NGOs' tightness with administration causes concerns

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NGOs' tightness with administration causes concerns

Concerns are growing that many non-governmental organizations have been co-opted by the Moon Jae-in administration, which gave their leaders top posts in the government, the Blue House and the ruling party.  
 
“Civic groups are supposed to work as a watchdog over the powers that be, but they have become pipelines supplying top officials to this administration,” said Ka Sang-joon, a professor of political science at Dankook University.  
 
In November 2017, six months into Moon’s presidency, eight of the 51 members of the presidential secretariat were from civic groups. Several reshuffles have taken place since, but nine members of the current secretariat are former activists.  
 
Moon favored members of the People's Solidarity for Participatory Democracy (PSPD) when he named top aides. Jang Ha-sung, the first policy chief of the Moon Blue House, his predecessor Kim Su-hyun and the current policy chief Kim Sang-jo all came from the PSPD.  
 
Cho Kuk, who served as senior presidential secretary for civil affairs before becoming justice minister for a tumultuous 35 days, was also a senior leader of the PSPD.  
 
The ruling party's key reforms are PSPD ideas. A plan to establish a new investigative agency for senior public servants, intended to weaken the power of the prosecution, has been promoted by the civic group since 1996. The Democratic Party (DP) succeeded in passing a bill to launch the agency late last year.
 
Many members of liberal NGOs were elected lawmakers for the DP in the April 15 general elections. Of the 176 DP lawmakers, 20 are from civic groups.  
 
Among the first-term lawmakers are Kim Nam-kuk, a member of the Lawyers for a Democratic Society, also known as Minbyun, and Yang-yi Won-young, a member of the Korean Federation for Environmental Movement.  
 
Rep. Kim Sang-hee, who won her fourth-term in April and was elected National Assembly deputy speaker, is from the Korean Women Link.  
 
Rep. Nam In-soon, a three-term lawmaker of the DP, is from the Korean Women's Association United. She is leading the campaign to defend Yoon Mee-hyang, former head of an advocacy group for comfort women and a proportional lawmaker for the DP, who is being investigated for having allegedly exploited the survivors for 30 years. Yoon is the former head of the of the Korean Council for Justice and Remembrance for the Issues of Military Sexual Slavery by Japan.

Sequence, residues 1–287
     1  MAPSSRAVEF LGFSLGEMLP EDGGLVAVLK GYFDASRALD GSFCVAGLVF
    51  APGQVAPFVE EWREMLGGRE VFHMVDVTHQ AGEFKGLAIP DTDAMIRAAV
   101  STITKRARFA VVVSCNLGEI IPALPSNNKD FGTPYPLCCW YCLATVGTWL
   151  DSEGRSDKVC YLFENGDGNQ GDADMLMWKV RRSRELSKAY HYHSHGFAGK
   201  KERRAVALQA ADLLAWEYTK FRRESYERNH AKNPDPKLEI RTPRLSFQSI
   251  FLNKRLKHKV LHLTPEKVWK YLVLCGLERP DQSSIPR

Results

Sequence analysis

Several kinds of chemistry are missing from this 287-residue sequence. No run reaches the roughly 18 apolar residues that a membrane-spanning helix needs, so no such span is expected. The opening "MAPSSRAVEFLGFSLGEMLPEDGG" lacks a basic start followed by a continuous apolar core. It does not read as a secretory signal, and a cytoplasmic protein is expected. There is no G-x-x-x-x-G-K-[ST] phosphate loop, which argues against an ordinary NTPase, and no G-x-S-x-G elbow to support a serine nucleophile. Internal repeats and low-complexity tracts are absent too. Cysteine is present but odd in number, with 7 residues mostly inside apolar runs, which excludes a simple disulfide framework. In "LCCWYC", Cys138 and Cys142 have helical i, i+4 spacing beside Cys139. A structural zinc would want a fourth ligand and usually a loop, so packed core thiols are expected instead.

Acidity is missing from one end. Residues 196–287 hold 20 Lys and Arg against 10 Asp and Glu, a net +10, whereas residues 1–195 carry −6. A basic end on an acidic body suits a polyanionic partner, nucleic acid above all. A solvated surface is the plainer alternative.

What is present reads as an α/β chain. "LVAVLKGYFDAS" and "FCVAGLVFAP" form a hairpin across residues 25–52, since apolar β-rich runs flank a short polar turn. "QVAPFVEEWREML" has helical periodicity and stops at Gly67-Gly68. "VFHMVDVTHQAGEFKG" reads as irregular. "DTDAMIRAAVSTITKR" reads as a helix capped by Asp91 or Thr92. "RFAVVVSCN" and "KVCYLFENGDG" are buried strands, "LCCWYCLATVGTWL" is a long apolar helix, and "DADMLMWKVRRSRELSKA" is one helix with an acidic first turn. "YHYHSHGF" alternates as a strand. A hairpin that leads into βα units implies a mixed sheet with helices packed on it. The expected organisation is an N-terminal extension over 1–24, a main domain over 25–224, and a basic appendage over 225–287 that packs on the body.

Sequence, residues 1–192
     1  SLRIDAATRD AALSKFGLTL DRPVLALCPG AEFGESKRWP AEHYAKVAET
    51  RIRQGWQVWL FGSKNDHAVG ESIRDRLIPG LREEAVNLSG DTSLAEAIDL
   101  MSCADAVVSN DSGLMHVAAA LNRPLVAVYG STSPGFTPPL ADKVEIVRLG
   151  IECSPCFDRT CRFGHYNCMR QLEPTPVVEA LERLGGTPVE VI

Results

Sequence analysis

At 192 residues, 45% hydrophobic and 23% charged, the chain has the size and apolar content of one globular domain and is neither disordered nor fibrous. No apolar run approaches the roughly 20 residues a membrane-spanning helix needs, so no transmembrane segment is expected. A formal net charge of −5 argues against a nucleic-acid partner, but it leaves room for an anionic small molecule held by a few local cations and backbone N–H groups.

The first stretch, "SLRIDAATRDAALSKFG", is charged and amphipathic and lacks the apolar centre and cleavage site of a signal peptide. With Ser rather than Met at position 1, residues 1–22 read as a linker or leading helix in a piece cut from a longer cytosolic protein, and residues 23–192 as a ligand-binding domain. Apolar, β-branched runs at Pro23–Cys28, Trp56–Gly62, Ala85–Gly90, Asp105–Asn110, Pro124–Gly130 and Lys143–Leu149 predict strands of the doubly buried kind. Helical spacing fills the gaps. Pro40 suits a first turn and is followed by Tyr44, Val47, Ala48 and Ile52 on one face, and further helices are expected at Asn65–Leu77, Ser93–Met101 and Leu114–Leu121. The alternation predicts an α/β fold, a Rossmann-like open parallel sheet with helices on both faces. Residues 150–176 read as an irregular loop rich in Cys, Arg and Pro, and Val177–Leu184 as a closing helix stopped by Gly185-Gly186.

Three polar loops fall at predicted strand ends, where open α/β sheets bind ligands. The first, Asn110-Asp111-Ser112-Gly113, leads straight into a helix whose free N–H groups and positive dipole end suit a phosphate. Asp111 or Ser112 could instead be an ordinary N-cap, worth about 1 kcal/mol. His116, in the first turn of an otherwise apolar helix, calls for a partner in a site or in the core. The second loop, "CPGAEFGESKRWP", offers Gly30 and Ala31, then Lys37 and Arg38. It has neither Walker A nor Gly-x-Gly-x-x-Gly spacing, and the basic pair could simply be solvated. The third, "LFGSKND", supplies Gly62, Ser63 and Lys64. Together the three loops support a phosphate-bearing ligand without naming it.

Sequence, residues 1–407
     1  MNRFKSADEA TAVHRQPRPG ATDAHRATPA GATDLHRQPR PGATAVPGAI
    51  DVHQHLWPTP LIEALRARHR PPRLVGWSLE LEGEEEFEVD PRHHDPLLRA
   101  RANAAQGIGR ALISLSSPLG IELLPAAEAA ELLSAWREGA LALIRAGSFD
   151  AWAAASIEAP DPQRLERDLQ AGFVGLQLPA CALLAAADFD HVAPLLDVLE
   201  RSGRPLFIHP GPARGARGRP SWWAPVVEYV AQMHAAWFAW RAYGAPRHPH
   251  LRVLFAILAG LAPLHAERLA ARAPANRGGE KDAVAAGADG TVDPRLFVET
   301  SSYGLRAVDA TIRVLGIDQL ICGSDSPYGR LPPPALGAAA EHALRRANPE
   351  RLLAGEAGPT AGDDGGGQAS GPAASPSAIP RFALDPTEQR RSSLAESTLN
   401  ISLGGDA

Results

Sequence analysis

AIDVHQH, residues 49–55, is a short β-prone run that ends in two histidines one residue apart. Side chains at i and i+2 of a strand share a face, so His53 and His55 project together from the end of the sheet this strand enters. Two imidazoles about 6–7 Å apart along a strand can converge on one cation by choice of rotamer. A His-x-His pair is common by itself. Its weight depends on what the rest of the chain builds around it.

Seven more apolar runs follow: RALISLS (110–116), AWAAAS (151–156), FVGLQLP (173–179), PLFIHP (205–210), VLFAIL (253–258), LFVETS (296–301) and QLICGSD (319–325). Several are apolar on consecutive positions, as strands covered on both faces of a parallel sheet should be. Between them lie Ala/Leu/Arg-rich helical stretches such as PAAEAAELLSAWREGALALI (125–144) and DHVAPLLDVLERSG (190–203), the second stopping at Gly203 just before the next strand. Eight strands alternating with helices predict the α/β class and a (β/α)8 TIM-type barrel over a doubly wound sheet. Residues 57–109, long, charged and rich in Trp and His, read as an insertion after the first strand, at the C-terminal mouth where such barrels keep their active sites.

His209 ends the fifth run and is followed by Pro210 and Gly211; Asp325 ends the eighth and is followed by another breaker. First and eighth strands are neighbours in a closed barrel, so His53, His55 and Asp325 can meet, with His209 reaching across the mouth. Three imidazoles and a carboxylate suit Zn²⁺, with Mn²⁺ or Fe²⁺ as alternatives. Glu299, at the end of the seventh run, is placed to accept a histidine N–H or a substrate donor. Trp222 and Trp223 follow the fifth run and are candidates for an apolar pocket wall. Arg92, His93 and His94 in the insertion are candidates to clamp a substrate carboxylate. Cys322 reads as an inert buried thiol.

Human rights groups and women’s groups have long been critical of conservative administrations, but they have been tight lipped about corruption scandals involving key members of the Moon administration such as Cho and Yoon. They also were largely silent when Oh Keo-don, mayor of Busan, recently stepped down after confessing to sexually assaulting a city employee.  
 
“As contrasted with the Kim Dae-jung and Roh Moo-hyun administrations, civic groups have become parasites of power in the Moon administration,” said Kim Kyung-yul, a former senior leader of the PSPD. Kim headed the PSPD's Center for Economic and Financial Justice, but left the group after criticizing former Justice Minister Cho and his supporters last September. Before his departure, the PSPD rebuked Kim for criticizing Cho.  
 
Liberal activists outside the administration often defend the administration rather than criticize it. Woo Hee-jong, a professor of veterinary science at Seoul National University, and Choi Bae-geun, an economics professor at KonKuk University, founded a satellite party of the DP, the Citizen Party, before the April election. Their party produced 17 proportional lawmakers, including Yoon. The lawmakers later joined the DP, giving the ruling party control of 177 seats in the 300-member legislature.  
 
After the Yoon scandal broke out, Choi and Woo became fierce critics of the prosecution and media. Woo compared media reports and prosecution investigations to a modern-day witch hunt.  
 
Woo and Choi are both from civic groups. Woo is currently a co-chair of the Korean Sharing Movement and Choi had served as the head of the Hanam Democracy Solidarity.  
 
“Civic groups are supposed to keep the administration in check, but they are actually forming an alliance with the administration,” said Lee Jun-han, a professor of political science at Incheon National University. “Oversight and checks are the fundamental reason for civic groups’ existence, and they are destroying it.”
 
 
BY KIM HYO-SEONG, SER MYO-JA   [ser.myoja@joongang.co.kr]  
 
 

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